On September 29, 2015, the DOJ announced that it had entered into a consent order with a regional bank over allegations that it engaged in redlining practices in violation of the Equal Credit Opportunity Act (ECOA). The bank holds over $900 million in assets and offers traditional deposit accounts, mortgage loans, and other banking products. It has twelve full-service branches and five partial-service branches. The investigation began when a regional equal housing organization alerted the FDIC that the bank allegedly violated the ECOA by engaging in discriminatory lending practices. After the FDIC completed its investigation and found potential evidence of wrongdoing, it referred the matter to the DOJ.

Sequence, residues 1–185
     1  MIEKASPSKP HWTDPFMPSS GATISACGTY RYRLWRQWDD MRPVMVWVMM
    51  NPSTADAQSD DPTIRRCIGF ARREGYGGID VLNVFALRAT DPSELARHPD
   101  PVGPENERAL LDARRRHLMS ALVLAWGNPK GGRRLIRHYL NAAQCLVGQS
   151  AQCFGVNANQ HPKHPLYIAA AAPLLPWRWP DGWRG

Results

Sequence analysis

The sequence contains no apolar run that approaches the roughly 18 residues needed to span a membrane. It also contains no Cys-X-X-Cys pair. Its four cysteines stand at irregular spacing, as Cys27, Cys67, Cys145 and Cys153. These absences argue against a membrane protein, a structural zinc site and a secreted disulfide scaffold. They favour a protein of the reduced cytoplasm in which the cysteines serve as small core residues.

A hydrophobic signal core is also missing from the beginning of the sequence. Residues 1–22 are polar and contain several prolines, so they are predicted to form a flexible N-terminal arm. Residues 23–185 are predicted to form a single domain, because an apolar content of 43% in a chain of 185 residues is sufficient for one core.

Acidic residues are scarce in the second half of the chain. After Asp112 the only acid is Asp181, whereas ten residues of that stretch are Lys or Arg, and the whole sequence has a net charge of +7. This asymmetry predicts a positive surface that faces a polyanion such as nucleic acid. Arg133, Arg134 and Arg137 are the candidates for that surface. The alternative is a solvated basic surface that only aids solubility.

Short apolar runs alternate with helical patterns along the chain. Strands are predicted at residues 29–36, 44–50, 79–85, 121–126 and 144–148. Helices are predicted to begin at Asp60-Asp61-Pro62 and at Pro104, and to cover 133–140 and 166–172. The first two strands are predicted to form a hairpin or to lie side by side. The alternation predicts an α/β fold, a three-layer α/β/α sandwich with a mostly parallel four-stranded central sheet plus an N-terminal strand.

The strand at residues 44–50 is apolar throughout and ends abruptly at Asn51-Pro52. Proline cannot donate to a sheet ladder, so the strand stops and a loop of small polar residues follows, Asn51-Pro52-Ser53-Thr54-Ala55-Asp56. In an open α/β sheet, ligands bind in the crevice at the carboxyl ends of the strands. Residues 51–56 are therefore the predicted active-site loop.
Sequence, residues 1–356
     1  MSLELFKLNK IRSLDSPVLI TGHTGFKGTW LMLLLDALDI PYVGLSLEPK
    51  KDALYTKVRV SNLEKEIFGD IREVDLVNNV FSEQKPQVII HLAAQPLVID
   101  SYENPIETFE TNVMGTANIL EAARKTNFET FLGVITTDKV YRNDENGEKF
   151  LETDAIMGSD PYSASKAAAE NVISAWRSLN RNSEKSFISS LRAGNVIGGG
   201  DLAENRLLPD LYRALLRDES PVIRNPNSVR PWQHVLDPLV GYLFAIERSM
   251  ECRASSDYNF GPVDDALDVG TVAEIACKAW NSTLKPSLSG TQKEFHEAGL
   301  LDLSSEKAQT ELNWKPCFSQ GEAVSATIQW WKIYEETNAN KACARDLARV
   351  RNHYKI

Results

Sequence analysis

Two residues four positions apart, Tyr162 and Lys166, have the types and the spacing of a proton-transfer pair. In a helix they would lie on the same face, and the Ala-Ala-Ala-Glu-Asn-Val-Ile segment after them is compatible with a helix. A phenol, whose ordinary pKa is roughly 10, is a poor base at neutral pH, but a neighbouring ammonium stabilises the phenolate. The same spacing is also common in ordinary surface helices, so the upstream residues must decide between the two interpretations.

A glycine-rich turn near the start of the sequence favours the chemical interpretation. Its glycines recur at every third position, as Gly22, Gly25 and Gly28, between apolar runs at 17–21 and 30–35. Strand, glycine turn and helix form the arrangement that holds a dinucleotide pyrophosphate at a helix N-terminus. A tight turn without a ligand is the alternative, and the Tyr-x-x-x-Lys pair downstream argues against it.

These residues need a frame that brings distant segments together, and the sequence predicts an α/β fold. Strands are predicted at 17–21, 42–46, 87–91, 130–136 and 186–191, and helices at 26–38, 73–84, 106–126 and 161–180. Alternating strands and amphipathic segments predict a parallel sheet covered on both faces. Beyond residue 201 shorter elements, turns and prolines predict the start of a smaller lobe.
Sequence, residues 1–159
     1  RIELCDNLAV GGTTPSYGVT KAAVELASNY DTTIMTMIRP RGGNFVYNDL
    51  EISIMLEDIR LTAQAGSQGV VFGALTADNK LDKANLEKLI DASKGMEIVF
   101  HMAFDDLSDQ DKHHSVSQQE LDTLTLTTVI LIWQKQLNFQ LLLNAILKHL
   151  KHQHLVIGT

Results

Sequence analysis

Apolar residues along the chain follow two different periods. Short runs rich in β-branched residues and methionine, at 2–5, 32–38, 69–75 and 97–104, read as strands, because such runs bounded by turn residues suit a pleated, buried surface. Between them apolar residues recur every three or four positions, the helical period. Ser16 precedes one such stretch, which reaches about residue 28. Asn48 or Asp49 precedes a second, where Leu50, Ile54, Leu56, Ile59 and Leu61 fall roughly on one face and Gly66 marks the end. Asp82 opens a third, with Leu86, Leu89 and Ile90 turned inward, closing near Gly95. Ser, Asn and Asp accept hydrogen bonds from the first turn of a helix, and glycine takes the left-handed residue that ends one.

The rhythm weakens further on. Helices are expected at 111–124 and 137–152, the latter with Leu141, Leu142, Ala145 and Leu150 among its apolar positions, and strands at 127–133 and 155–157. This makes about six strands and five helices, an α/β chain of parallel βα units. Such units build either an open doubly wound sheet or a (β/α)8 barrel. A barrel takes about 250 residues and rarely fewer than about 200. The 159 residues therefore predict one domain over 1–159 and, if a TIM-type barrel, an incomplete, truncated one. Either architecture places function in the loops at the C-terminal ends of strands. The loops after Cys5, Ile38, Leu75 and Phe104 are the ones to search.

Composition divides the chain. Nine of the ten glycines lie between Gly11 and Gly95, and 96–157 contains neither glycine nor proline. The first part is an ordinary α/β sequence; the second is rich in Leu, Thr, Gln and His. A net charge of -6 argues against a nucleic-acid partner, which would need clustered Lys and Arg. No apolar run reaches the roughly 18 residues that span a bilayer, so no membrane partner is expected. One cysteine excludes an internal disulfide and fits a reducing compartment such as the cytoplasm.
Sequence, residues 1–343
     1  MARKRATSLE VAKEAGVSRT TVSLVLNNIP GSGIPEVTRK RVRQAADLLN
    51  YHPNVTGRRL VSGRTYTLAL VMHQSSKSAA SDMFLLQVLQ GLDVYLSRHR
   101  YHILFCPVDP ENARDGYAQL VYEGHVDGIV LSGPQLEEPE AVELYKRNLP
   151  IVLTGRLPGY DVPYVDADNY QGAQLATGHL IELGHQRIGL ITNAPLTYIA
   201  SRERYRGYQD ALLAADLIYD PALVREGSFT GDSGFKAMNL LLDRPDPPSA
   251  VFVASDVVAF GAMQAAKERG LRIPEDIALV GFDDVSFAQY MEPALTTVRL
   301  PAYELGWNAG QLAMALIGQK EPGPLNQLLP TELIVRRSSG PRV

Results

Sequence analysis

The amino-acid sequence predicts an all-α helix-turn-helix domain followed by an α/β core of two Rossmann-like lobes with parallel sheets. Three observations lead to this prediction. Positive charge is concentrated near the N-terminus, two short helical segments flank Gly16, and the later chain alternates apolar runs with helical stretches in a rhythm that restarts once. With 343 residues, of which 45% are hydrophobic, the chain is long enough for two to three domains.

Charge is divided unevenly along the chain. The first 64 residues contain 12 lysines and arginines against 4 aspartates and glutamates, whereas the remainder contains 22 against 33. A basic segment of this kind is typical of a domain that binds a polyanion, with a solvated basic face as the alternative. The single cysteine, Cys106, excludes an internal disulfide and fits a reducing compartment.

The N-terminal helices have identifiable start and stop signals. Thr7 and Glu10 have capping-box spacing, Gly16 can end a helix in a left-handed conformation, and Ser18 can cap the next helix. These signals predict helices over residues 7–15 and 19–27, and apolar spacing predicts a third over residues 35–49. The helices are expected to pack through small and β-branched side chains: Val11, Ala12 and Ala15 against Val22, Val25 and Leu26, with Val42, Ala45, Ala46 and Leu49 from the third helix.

According to the DOJ’s complaint, the bank discriminated against minorities by systematically preventing residents of certain minority neighborhoods from obtaining mortgage loans. The bank allegedly placed most of its branches and loan officers outside of minority neighborhoods, excluded minority neighborhoods from the bank’s Community Reinvestment Act assessment area and other low income loan programs, and failed to market its credit services to minority populations. Under the proposed consent order, which still requires court approval, the bank has agreed to the following: (1) open two new locations in minority neighborhoods; (2) invest $975,000 to provide credit opportunities to minority populations; and (3) conduct fair lending training for employees. The bank did not admit to any wrongdoing as part of the settlement. The DOJ has settled two redlining cases in the past week. Four days before this announcement, the DOJ and CFPB jointly announced a settlement in a similar redlining case.